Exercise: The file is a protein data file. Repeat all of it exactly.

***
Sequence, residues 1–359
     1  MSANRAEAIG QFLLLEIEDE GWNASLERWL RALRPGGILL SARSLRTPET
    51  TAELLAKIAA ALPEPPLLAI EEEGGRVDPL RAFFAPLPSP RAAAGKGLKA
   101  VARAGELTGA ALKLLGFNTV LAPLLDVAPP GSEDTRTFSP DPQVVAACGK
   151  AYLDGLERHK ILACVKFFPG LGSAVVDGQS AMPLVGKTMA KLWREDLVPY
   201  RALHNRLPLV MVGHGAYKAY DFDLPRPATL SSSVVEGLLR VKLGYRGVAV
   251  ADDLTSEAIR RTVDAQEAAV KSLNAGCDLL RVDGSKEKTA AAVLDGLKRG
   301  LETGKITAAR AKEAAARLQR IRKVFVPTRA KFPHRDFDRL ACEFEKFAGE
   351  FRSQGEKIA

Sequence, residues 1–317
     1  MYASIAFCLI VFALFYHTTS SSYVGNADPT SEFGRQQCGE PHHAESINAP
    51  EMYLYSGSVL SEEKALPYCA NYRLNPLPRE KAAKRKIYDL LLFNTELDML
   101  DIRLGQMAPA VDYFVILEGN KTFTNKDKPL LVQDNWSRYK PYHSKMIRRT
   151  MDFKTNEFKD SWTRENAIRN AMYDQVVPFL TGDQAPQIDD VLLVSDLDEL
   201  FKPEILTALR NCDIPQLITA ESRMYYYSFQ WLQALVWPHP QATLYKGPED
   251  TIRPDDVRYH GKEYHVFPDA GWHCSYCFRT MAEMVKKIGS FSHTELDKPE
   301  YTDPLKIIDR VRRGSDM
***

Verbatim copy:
Sequence, residues 1–359
     1  MSANRAEAIG QFLLLEIEDE GWNASLERWL RALRPGGILL SARSLRTPET
    51  TAELLAKIAA ALPEPPLLAI EEEGGRVDPL RAFFAPLPSP RAAAGKGLKA
   101  VARAGELTGA ALKLLGFNTV LAPLLDVAPP GSEDTRTFSP DPQVVAACGK
   151  AYLDGLERHK ILACVKFFPG LGSAVVDGQS AMPLVGKTMA KLWREDLVPY
   201  RALHNRLPLV MVGHGAYKAY DFDLPRPATL SSSVVEGLLR VKLGYRGVAV
   251  ADDLTSEAIR RTVDAQEAAV KSLNAGCDLL RVDGSKEKTA AAVLDGLKRG
   301  LETGKITAAR AKEAAARLQR IRKVFVPTRA KFPHRDFDRL ACEFEKFAGE
   351  FRSQGEKIA

Sequence, residues 1–317
     1  MYASIAFCLI VFALFYHTTS SSYVGNADPT SEFGRQQCGE PHHAESINAP
    51  EMYLYSGSVL SEEKALPYCA NYRLNPLPRE KAAKRKIYDL LLFNTELDML
   101  DIRLGQMAPA VDYFVILEGN KTFTNKDKPL LVQDNWSRYK PYHSKMIRRT
   151  MDFKTNEFKD SWTRENAIRN AMYDQVVPFL TGDQAPQIDD VLLVSDLDEL
   201  FKPEILTALR NCDIPQLITA ESRMYYYSFQ WLQALVWPHP QATLYKGPED
   251  TIRPDDVRYH GKEYHVFPDA GWHCSYCFRT MAEMVKKIGS FSHTELDKPE
   301  YTDPLKIIDR VRRGSDM